Businesses Still Not Giving Disabled Vets A Break


Monday, July 24th 2006, 10:09 am
By: News On 6


It's been just over a year since an Oklahoma law went into effect that exempts disabled veterans from paying sales tax.

Completely disabled vets are supposed to get a break from every business in the state, but as News on 6 reporter Heather Lewin explains, some merchants still aren't giving the discount.

Army Specialist Cecil Brewer was just 20 years old went he was sent to Vietnam. "13 months, 2 weeks, 1 day, 6 hours and about 22 minutes." Wounded twice in combat, Brewer received the Purple Heart and during a medevac, tainted blood that nearly killed him 30 years later. Brewer had to get a liver transplant that left him 100-percent disabled, ending his career as a teacher and coach. "I feel that I've had to give up quite a bit."

Brewer learned the state was giving something back. As of July 2005, vets like Brewer no longer have to pay sales tax. But Brewer says when he goes into some local stores and restaurants the businesses won't comply. "I've been told everything from, 'we don't know about this law' to 'we don't participate in it.'"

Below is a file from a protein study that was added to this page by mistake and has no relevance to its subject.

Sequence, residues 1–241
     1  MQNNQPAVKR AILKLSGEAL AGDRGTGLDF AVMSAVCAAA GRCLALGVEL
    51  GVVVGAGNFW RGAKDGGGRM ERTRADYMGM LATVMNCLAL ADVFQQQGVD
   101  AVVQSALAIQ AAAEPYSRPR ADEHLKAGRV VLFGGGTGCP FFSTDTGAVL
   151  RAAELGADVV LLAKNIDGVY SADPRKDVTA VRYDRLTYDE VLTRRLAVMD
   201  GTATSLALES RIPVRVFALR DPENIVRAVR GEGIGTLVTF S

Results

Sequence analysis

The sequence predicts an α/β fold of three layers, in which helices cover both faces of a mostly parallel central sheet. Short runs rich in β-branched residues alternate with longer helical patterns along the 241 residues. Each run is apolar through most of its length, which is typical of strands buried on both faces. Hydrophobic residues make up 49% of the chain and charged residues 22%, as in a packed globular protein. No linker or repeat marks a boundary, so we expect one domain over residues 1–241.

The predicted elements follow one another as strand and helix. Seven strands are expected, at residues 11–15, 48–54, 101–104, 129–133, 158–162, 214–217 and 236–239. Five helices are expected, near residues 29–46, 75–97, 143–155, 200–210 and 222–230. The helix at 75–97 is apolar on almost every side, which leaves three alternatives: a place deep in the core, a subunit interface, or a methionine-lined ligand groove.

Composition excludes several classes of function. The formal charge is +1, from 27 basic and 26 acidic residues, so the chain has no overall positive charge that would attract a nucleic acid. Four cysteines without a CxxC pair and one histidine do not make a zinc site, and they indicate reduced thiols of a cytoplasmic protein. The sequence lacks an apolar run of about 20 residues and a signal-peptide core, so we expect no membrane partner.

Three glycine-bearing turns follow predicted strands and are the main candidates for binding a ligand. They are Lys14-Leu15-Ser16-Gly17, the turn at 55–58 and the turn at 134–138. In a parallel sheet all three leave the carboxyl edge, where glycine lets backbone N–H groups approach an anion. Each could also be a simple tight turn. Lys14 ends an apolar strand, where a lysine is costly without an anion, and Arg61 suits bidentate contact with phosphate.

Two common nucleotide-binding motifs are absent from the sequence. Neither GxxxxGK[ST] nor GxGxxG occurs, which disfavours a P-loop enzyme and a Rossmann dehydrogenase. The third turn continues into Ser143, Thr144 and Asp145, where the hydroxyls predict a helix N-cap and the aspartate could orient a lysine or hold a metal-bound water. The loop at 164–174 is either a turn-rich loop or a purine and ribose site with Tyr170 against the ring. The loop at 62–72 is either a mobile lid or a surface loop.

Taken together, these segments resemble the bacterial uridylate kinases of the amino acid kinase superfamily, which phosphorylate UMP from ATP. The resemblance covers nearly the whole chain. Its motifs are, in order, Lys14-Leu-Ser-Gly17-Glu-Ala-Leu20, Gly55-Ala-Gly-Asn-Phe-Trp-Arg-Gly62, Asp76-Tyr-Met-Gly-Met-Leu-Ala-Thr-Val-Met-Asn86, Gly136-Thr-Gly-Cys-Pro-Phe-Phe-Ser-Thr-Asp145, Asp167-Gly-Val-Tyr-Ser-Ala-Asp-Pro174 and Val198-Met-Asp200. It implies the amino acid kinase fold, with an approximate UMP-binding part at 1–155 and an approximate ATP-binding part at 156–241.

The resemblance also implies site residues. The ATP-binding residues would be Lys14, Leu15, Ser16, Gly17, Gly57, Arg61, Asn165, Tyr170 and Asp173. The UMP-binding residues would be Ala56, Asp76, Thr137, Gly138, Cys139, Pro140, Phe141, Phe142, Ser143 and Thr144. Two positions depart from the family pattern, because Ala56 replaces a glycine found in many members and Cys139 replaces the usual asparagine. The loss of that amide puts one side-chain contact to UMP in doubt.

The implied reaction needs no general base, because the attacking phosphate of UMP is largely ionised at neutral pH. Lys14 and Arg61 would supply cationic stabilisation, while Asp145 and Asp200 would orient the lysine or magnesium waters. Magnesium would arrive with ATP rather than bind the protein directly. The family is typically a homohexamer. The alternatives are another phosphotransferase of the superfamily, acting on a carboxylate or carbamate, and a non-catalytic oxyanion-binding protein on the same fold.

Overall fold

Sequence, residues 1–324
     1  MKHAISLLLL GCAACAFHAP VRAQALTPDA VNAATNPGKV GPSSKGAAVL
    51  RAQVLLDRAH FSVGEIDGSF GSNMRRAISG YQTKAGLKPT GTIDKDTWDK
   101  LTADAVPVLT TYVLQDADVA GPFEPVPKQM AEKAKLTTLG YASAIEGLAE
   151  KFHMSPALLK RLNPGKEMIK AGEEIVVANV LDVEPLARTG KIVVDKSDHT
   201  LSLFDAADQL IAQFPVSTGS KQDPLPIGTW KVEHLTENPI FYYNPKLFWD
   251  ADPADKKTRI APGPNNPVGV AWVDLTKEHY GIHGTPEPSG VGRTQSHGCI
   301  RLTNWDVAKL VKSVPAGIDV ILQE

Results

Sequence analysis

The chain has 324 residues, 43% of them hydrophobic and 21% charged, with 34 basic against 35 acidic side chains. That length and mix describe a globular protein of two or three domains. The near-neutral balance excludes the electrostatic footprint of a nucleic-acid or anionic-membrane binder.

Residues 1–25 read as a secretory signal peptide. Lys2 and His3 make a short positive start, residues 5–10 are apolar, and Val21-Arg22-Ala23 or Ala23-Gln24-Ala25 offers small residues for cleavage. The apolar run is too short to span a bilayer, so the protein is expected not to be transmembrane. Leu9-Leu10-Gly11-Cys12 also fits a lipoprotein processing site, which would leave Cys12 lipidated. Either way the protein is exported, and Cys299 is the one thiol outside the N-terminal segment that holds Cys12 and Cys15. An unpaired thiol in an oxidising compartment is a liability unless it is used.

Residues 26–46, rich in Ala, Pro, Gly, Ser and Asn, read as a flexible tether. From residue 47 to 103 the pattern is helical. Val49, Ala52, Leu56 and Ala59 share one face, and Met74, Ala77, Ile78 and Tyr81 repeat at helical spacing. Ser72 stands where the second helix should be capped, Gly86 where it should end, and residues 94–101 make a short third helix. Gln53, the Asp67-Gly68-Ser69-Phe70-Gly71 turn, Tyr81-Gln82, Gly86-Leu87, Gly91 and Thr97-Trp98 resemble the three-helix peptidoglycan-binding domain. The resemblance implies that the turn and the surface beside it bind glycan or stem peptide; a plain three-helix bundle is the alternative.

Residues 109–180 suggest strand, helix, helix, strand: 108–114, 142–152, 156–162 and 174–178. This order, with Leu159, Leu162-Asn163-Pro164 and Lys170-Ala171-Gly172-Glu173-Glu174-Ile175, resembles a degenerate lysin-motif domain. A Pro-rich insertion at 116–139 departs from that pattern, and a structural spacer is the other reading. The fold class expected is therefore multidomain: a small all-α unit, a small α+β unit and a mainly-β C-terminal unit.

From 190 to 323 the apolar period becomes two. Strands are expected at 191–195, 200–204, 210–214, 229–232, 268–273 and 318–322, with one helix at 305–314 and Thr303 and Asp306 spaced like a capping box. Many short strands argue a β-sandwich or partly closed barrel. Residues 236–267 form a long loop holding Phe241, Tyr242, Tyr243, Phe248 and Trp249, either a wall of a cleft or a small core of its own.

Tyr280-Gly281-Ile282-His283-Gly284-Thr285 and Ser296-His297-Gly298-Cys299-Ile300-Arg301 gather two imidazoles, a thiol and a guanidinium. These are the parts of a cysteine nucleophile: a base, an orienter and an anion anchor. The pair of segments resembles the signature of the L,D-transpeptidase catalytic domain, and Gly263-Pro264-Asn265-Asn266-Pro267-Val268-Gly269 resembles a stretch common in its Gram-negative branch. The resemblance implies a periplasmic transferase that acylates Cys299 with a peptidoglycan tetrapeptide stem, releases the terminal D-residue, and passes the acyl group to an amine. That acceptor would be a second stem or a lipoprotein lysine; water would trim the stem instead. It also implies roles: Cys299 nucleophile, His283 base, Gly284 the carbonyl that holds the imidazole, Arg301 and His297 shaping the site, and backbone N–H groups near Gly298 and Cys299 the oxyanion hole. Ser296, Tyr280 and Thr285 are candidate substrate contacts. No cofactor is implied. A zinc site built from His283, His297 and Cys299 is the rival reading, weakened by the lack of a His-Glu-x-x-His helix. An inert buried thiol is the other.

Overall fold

They refuse, over very little money, he says one wouldn't take the tax off a 2 liter bottle of soda. “It's really, really frustrating when something's been granted you by your government and then it's not honored by the very citizens you fought for to be able to enjoy free enterprise and everything and they won't honor it."

Since our story last year, the Oklahoma Tax Commission sent this letter to thousands of merchants explaining the new law. The state learned some businesses “still” didn't honor the exemption cards saying they chose not to serve the veteran as a customer.

Now another law has been passed, if a merchant denies the disabled vet a discount, the business can be fined $500.

For Brewer, a decorated vet and single father living on a pension, denying his card is a slap in the face. "I think it should be honored. I've paid quite a price for this."
The penalty for denying the discount to a veteran who shows proof of exemption goes into effect next month.